Going to The Chapel of Looooooooove…….

 

One of the favourite myths of feminism is that ALL women were oppressed everywhere by ALL men – and that the mechanism by which men oppressed women was marriage.

Ah yes, in secret patriarchy meetings all over the known world scheming men got together to lay their nefarious plans to trap and enslave these innocent and delicate flowers of womanhood into the bonds, the cruel and tortuous chains of matrimony.

But, of course a few brave souls resisted, they struggled against this demonic plot to entrap and enslave them, then of course they wrote books about their “struggle”

According to received “wisdom” and in the context of anything that emanates from the mouths or pens of feminists one does use the word wisdom with a large dose of irony, this nefarious plot has been going on for centuries, nay millennium.

For the purposes of this essay we shall confine ourselves to a quick but focused examination of some specific periods, because after all, if feminists are correct, then like blindly putting a pin in a map with your eyes closed, wherever we landed in the timeline of human history we would reveal examples of this ongoing and nefarious patriarchal plot to enslave poor helpless damsels in the chains of matrimony. Makes sense, doesn’t it?

Let us begin with a gem of historical research that can be found at Gynocentrism and its Cultural Origins, and a campaign to impose a Bachelor Tax on those patriarchal sods who…….well were refusing to do their patriarchal duty and enslave some poor maiden into the chains of matrimony.

One Mrs Charlotte Smith in 1896, was so riled up and so aghast at the numbers of men who were refusing to get married that she started a campaign to force men to marry, and called upon public servants and officials to “do something” about this calumny against women.

“Mr’s Smith’s malignment of bachelors began with attacks on public servants and officials, saying that bachelors have always been failures, and that bachelor politicians, especially, were “narrow minded, selfish, egotistical, and cowardly.” She further claimed that, “It’s about time to organize antibachelor clubs in this state. It should be the purpose of every young woman to look up the record of each and every man who is looking for votes and, should his moral character be such would make him unfit for office, then his shortcoming should be the point of attack by the antibachelor women of Massachusetts.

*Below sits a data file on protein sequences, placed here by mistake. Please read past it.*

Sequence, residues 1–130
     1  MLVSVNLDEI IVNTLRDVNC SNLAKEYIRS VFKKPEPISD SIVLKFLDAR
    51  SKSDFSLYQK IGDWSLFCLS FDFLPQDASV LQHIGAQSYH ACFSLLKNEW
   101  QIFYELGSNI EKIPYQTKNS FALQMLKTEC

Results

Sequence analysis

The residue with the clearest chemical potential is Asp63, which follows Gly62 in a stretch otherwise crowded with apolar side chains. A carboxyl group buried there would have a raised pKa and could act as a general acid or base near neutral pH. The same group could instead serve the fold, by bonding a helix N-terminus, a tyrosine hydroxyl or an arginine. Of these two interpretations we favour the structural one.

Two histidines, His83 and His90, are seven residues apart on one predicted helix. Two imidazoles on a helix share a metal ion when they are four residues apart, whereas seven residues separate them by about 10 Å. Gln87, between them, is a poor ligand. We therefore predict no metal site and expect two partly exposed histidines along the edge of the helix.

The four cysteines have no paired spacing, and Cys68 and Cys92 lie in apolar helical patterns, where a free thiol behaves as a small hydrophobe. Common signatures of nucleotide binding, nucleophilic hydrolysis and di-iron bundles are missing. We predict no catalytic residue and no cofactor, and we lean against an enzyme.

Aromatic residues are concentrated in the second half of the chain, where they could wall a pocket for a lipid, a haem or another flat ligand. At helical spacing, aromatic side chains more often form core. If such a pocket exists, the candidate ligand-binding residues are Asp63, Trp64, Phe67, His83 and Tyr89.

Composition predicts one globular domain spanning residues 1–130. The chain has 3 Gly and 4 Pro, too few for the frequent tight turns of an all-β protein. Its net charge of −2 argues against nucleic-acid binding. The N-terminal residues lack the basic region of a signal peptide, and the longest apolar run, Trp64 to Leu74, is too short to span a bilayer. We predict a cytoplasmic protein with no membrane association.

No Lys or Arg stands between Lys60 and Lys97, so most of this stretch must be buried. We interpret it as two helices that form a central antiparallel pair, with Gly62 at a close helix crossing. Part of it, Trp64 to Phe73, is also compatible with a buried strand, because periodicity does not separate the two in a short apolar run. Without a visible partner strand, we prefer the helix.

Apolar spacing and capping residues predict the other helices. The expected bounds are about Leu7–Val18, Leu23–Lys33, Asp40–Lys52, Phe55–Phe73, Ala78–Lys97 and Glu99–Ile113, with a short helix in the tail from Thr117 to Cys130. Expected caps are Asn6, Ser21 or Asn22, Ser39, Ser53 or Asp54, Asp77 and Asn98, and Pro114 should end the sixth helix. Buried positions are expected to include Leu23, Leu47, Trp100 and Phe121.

There are 47,000 girls between the ages of 20 and 29 years in this state who cannot find husbands… [and] the bachelor politicians, they do not dare discuss the social evil question.”3 She states:

“No man can be a good, honorable and upright citizen who has not entered into the holy bonds of wedlock” [Charlotte Smith]4”

Now wait just a minute – that can’t be right – men are roaming the land in hordes, gathering together in secret patriarchy meetings, laying plans on how best to trap and enslave these fair maidens into marriage! Feminists have said so.

In her paper entitled, Sisterhood and Slavery: Transatlantic Antislavery and Women’s Rights, Karen Offen, Institute for Research on Women & Gender, Stanford University, takes a jaunt through history to justify the use of the word or analogy “slavery” as comparable to the status of women, especially married women from circa the 1650’s to 1848:

“In this paper, I extend the timeframe back some two hundred years from 1848 to the 1650s, providing evidence of the slavery-marriage analogy in published literary and political works by women and men (who deploy it in support of what can only be termed, retrospectively, a feminist politics). I will raise questions about exactly how we might interpret the feminist use of the slavery analogy as well as about how scholars and theorists have heretofore approached the separate subjects of women’s rights and slavery. “

Which is indeed what she does, now it must be said that Ms. Offen’s grasp of “history” is somewhat shaky, and she does take the long way around, via of course the usual suspects of “revisionist” and selective feminist history. Olympe De Gouges, John Stuart Mills, Elizabeth Cady Stanton – etc – with some rather unusual choices – Napoleon and Jean Jacques Rousseau, thrown in at odd moments. But, basically what this paper seeks to do, is what all feminists seek to do, is correlate the status of women historically with the status of slaves – black slaves – ergo she concludes with: